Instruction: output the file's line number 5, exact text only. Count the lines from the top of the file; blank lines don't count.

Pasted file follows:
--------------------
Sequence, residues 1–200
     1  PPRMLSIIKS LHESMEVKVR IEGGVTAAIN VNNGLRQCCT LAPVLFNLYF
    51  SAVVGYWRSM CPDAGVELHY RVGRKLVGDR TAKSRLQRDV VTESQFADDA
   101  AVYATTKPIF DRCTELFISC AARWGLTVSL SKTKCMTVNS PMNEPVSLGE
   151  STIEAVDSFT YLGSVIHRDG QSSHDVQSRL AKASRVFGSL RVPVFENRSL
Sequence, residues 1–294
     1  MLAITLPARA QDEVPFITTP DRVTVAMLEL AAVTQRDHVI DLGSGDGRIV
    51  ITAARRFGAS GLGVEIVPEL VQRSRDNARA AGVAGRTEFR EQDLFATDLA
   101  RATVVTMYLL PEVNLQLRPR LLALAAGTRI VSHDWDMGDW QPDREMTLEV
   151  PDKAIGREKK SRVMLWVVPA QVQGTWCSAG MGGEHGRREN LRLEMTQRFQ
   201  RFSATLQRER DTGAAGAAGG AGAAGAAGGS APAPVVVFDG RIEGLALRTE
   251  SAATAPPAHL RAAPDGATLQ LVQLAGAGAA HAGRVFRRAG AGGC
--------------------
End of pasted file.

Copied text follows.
   151  STIEAVDSFT YLGSVIHRDG QSSHDVQSRL AKASRVFGSL RVPVFENRSL